The typical process of a lightning strike to a facility with structures of moderate height begins with the initiation of a downward lightning stepped leader from the base of the thunderstorm cloud. Lightning attaches to a grounded object of moderate height due to the initiation of a counter leader from the object. The counter leader progresses to intersect the stepped leader and attracts it from what would otherwise be an undisturbed path to earth.
The whole process of the lightning discharge consists of the following stages:
The lightning strike prevention capability of the DAS is based on the forcible prevention of the initiation and propagation of the upward counter lightning leader through the cloud of the local space charge that is injected into the air gap by the DAS. If there is no upward counter leader from the object or from the protection system installed on the top of the protected object, there is no collection/strike to the object. The design of the LM Device system ultimately cannot prevent the development of the counter leader from its top and therefore, has a very limited ability to prevent the incoming strike.
The following can be formulated as the performance requirements of a protection system’s ability to prevent lightning strikes to the protected objects:
The design of the DAS complies with all these requirements. The earlier ignition of the corona current is achieved by the significant enhancement of the lightning electric field on the ground. For example; the calculations made for a hemisphere with a multitude of splines or points and a radius of 1 m, installed on a tower of 100 m height, show that just 12.5 V/cm of the lightning electric field on the ground level is enough for the ignition of the corona from the hemisphere where electric field will reach threshold 30 kV/cm. The same hemisphere, but without splines on its surface, will have just 1.5 kV/cm – a value far below the magnitude required for the corona ignition. The LM Device system is also able to enhance the ground lightning electric field but to a much lesser degree than the DAS. Therefore, the LM Device requires a substantially much higher level of the lightning electric field to initiate the corona, and that means that the LM Device will be late, compared to DAS, in producing the local space charge. This is very important because the space charge produced by the DAS will be able to move much further than the space charge of the LM Device because it has produced a more voluminous amount of charge from an earlier state. This allows DAS to fill the air gap between the thundercloud cell and the object to be protected with charges of opposite polarity to that of the thundercloud charges. This results in getting a voltage drop in the portion of the air gap, filled with the space charge, as low as is required to prevent the initiation of a counter leader or its successful propagation through the cloud of the local space charge.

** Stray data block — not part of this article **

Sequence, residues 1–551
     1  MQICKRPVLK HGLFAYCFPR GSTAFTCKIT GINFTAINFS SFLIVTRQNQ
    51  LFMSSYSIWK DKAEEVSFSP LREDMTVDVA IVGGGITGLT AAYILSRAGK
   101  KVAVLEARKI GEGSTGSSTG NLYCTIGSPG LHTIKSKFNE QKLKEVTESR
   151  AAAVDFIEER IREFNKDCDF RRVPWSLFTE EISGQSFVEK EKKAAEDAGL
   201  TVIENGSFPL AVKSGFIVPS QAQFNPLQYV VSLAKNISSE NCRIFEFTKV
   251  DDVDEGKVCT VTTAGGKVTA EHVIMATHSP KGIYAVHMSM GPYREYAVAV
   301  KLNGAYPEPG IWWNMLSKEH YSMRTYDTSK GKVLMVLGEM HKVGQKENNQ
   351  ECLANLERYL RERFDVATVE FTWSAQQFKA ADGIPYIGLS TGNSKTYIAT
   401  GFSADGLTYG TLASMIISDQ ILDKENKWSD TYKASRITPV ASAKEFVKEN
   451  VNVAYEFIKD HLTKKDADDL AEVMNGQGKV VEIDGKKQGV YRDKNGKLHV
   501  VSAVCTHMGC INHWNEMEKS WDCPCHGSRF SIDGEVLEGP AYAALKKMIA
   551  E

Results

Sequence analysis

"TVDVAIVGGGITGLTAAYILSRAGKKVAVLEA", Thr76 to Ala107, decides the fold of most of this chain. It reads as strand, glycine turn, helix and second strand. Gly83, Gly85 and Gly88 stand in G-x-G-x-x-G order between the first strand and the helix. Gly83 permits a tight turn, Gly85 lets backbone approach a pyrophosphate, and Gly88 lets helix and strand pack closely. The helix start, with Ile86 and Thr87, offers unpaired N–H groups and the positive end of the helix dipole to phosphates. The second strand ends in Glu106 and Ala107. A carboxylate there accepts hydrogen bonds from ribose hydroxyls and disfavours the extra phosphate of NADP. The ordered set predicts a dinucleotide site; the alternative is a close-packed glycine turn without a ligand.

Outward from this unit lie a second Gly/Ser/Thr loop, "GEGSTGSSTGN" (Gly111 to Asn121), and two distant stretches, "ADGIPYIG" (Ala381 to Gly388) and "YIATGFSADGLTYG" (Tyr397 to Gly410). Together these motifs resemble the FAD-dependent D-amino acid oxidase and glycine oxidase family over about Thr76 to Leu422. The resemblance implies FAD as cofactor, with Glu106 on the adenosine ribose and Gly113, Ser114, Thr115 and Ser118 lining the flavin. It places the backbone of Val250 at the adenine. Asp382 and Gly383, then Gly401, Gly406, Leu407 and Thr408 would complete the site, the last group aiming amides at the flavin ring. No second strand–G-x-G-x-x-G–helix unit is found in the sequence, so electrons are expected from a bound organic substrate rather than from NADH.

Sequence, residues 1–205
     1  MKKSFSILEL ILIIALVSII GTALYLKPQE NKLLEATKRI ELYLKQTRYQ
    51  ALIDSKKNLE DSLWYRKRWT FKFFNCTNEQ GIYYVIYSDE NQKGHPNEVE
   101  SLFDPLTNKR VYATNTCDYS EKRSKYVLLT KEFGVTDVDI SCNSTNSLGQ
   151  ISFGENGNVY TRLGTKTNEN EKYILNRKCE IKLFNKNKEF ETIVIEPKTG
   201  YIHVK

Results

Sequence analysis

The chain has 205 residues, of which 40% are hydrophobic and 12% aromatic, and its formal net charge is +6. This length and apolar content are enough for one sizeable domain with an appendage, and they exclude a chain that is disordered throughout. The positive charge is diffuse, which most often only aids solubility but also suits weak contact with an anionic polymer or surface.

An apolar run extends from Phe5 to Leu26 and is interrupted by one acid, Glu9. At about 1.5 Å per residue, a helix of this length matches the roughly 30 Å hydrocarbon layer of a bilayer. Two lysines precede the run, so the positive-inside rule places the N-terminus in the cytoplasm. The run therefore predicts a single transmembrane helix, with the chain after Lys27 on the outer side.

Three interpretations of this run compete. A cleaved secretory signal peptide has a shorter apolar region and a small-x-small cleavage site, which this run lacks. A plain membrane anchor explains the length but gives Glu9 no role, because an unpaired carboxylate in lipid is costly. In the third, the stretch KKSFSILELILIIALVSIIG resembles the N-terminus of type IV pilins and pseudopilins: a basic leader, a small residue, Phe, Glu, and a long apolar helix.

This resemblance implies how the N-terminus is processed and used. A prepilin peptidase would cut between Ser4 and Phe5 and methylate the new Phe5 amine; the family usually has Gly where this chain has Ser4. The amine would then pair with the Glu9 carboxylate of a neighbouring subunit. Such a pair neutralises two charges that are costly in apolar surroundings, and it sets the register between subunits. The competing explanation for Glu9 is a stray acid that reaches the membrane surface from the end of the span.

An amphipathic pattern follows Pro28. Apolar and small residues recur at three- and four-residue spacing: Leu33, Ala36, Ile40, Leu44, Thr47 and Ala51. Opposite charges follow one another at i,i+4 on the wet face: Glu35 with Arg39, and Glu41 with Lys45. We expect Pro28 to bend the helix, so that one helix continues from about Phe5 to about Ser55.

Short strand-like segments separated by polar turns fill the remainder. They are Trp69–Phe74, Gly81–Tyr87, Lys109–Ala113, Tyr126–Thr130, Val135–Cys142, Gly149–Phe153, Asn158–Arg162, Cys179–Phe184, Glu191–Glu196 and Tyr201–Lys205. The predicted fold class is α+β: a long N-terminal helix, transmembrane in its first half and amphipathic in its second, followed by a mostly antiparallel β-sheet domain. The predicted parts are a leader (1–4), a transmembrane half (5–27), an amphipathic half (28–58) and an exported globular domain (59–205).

The space charge distributed around the DAS as well as around the LM Device has a stabilizing effect on the electric field on the top of the systems. The electric field cannot go below the value Ec required to support the ionization, but it cannot also rise significantly above Ec because it will cause the acceleration of the emission of ions from the electrode, thus increasing their density around the electrode until the electric field will return to the value of Ec. That means that the electric field at the top of the DAS and LM Device is self-regulating and maintained around the critical value, Ec supporting the ionization, delaying the transition of the streamer-free, glow corona (ultra-corona) to the next form, corona with streamers. The value of Ec depends on the radius of the electrode and defined very well by the Peek formula.
Ec = 31δ(1 + 0.308/√δr)
Where: Ec – electric field igniting corona, kV/cm
δ – relative density of the air
r – radius of an electrode, cm
For example, for electrodes with radii 10 cm, 1 cm, and 0.1 cm Ec will be equal to 32, 43, and 75 kV/cm correspondently. This is the logical explanation to the time delay, ∆T, of the streamer development claimed by LEC and Lightning Master. However, it must be noted that the time delay for the DAS is much greater than that of the LM Device.
The next step in development of the counter leader is transition of the glow corona from the protection system to the corona with streamers. The specific of this new stage of the corona is the fast development of streamer branches – thin ionized channels, started from the common place (stem) near the electrode tip last. Each one individual streamer is cold and is not able to cause the initiation of a plasma channel (leader). It loses its conductivity very fast (in a fraction of 1μs), but in the conducting stage the streamer succeeds to contribute its current to the total current collected by the stem. The stem collects the total current of all the individual streamer strings and peak out the most of energy able at certain conditions to heat the air near the electrode to the temperature of several thousand degrees. This leads to the initiation of the counter leader channel.